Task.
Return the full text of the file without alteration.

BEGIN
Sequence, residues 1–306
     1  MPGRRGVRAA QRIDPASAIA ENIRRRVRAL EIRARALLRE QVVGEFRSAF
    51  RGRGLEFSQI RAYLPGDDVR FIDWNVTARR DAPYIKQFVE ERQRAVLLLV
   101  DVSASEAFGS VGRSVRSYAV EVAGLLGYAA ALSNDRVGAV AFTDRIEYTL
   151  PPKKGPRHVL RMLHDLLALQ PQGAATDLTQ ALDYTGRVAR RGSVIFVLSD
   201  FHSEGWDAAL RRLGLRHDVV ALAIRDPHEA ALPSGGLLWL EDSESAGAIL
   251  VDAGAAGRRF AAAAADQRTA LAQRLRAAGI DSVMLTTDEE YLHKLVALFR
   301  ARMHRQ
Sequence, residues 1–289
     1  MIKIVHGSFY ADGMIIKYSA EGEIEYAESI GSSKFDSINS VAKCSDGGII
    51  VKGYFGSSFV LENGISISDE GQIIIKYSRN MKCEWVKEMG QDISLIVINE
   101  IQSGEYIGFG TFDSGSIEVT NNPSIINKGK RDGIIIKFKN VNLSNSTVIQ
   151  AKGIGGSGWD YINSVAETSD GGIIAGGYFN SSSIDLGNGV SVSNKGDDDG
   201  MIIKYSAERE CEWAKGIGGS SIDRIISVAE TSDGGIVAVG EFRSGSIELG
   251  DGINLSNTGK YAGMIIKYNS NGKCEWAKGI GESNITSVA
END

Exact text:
Sequence, residues 1–306
     1  MPGRRGVRAA QRIDPASAIA ENIRRRVRAL EIRARALLRE QVVGEFRSAF
    51  RGRGLEFSQI RAYLPGDDVR FIDWNVTARR DAPYIKQFVE ERQRAVLLLV
   101  DVSASEAFGS VGRSVRSYAV EVAGLLGYAA ALSNDRVGAV AFTDRIEYTL
   151  PPKKGPRHVL RMLHDLLALQ PQGAATDLTQ ALDYTGRVAR RGSVIFVLSD
   201  FHSEGWDAAL RRLGLRHDVV ALAIRDPHEA ALPSGGLLWL EDSESAGAIL
   251  VDAGAAGRRF AAAAADQRTA LAQRLRAAGI DSVMLTTDEE YLHKLVALFR
   301  ARMHRQ
Sequence, residues 1–289
     1  MIKIVHGSFY ADGMIIKYSA EGEIEYAESI GSSKFDSINS VAKCSDGGII
    51  VKGYFGSSFV LENGISISDE GQIIIKYSRN MKCEWVKEMG QDISLIVINE
   101  IQSGEYIGFG TFDSGSIEVT NNPSIINKGK RDGIIIKFKN VNLSNSTVIQ
   151  AKGIGGSGWD YINSVAETSD GGIIAGGYFN SSSIDLGNGV SVSNKGDDDG
   201  MIIKYSAERE CEWAKGIGGS SIDRIISVAE TSDGGIVAVG EFRSGSIELG
   251  DGINLSNTGK YAGMIIKYNS NGKCEWAKGI GESNITSVA